Ask Pastor Roger Barrier - Church Leadership

What is the Difference between Praise and Worship?

What is the Difference between Praise and Worship?

Editor's Note: Pastor Roger Barrier's "Ask Roger" column regularly appears at Preach It, Teach It. Every week at Crosswalk, Dr. Barrier puts nearly 40 years of experience in the pastorate to work answering questions of doctrine or practice for laypeople, or giving advice on church leadership issues. Email him your questions at

Dear Roger,

I hear people talking about praise and worship. Are they the same? If not, how are they related? What is the difference between them?

Sincerely, Liz

Dear Liz,

The ministry of praise and the experience of worship are not the same.

Praise is unidirectional. We praise God. He does not praise us. Praise is our acknowledgement of His power, authority, wisdom and worthiness. Praise does not require a response from the one who is being praised.

On the other hand, worship is relational. It is not only our communion with God. It is also is His communion with us.

“Ascribe to the Lord, all you families of nations, ascribe to the Lord glory and strength. Ascribe to the Lord the glory due his name; (these three phrases describe praise). bring an offering and come before him. Worship the Lord in the splendor of his holiness (these two phrases describe worship)” (1 Chronicles 16:28-29).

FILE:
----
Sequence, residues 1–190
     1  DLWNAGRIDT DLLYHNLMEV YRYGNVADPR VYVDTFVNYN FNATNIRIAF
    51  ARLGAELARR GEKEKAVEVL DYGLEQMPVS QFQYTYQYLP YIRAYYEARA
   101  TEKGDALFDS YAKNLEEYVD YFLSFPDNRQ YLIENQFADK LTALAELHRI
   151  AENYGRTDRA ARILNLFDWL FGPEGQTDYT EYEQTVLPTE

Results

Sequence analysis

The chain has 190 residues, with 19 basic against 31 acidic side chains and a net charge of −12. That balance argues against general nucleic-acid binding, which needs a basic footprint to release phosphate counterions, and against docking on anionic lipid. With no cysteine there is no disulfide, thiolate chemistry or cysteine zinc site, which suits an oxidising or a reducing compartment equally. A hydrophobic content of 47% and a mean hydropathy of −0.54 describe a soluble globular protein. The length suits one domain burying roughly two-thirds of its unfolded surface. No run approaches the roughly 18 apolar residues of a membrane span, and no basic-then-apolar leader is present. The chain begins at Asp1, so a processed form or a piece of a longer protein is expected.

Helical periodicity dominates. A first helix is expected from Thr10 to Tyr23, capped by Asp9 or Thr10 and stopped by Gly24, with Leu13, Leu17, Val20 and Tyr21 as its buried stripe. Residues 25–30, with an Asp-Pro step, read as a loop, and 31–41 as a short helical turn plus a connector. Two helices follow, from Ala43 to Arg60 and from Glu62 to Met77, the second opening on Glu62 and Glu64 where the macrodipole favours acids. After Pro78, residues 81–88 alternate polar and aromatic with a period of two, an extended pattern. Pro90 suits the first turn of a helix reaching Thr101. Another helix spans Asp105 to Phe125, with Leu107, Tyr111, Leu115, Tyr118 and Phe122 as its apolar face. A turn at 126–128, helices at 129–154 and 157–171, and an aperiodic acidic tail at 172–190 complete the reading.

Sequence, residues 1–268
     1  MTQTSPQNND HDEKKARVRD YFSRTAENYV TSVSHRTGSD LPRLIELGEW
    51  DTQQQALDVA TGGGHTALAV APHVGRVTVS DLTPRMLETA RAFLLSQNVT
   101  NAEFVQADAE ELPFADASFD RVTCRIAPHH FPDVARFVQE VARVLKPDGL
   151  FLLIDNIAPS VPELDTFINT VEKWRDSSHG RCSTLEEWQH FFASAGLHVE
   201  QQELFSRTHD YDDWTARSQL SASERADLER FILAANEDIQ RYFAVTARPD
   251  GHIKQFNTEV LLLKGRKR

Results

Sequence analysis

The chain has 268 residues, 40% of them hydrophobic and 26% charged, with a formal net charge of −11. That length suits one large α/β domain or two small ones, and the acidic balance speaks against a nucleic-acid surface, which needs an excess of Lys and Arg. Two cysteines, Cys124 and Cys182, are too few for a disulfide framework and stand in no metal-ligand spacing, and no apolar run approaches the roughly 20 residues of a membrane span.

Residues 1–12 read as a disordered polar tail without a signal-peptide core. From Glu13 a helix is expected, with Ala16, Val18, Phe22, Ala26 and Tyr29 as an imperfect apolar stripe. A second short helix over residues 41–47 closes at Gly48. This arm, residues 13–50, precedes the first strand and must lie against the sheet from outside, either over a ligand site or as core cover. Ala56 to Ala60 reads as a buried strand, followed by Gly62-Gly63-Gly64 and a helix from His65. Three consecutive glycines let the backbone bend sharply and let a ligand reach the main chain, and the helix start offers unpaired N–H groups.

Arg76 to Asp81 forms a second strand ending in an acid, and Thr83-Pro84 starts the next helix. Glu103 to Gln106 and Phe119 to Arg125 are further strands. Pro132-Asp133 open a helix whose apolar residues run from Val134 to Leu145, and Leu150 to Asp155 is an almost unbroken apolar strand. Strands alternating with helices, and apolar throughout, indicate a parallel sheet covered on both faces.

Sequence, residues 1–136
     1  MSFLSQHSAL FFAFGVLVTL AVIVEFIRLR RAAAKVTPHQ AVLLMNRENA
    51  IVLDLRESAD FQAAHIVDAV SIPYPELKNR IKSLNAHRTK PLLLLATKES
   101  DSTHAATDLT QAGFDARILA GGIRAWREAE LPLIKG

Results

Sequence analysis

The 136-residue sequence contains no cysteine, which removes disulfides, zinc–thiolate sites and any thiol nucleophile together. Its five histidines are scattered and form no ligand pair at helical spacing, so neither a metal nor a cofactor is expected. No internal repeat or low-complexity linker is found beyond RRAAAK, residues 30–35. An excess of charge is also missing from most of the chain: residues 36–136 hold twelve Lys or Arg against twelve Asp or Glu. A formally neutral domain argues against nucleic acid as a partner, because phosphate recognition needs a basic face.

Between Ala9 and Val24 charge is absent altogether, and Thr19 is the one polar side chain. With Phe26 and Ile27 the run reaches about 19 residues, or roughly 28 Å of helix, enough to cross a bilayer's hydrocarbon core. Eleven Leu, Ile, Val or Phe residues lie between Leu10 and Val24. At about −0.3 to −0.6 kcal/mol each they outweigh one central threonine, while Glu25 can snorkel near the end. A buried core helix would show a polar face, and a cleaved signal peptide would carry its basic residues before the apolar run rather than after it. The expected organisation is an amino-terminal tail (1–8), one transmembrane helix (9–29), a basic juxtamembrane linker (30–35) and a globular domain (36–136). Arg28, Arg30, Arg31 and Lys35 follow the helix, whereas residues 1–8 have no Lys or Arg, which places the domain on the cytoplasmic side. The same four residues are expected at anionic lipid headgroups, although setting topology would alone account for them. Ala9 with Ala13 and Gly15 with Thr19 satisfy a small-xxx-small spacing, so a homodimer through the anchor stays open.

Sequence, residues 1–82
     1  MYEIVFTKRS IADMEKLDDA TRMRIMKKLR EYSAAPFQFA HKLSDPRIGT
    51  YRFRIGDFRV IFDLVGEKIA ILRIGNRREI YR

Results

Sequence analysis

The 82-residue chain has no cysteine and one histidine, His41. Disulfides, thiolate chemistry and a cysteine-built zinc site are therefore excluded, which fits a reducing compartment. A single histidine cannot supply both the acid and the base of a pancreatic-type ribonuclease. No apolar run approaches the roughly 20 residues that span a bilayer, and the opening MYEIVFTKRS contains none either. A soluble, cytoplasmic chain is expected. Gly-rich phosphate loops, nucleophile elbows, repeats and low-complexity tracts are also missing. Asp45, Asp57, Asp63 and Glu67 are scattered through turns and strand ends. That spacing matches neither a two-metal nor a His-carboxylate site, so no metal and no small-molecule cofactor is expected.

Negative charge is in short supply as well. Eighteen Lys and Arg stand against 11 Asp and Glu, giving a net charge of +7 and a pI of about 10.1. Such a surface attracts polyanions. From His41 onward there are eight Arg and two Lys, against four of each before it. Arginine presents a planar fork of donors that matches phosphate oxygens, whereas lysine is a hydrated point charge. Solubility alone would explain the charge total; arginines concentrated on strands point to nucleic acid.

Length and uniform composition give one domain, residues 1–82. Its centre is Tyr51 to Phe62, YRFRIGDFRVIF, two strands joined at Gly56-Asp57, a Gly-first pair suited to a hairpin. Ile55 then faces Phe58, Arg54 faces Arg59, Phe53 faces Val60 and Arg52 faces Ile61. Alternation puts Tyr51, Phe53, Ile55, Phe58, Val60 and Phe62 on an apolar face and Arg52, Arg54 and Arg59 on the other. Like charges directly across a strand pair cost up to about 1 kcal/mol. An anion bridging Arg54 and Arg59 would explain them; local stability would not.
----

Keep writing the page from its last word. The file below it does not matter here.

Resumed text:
Praise is something that we can do by ourselves--or with others. Worship is something that we do alone--in our innermost being.

Praise has to do with our telling God and others how wonderful He is. 

Praise has to do with shouting forth of his marvelous character, compassion, and marvelous creation, just to name a few of his powerful attributes.

Some definitions may help to further our understanding of worship.

The Hebrew word for worship is "Shaha."  It means to "bow low" or to "prostrate" oneself.  Worship involves our bowing low before the Lord, not only physically, but in our hearts.

The Greek word for worship is "Proskyneo." This word means "to kiss the hand of one who is revered."

Praise usually precedes worship. “Enter His gates with thanksgiving, and into His courts with praise" (Psalm 100:4). 

Understanding the nature of worship means understanding Paul’s allegory that compares us to the Temple in Jerusalem.

“Do you not know that your body is the temple of the Holy Spirit, who is in you, whom you have received from God? You are not your own; you were bought at a price. Therefore honor God with your bodies” (1 Corinthians 6:19-20).

Praise manifests itself in our body and soul.

Worship manifests itself in our human spirit where God dwells.

Paul wrote, “I will pray with my spirit, but I will also pray with my mind; I will sing with my spirit, but I will also sing with my mind” (1 Corinthians 14:15).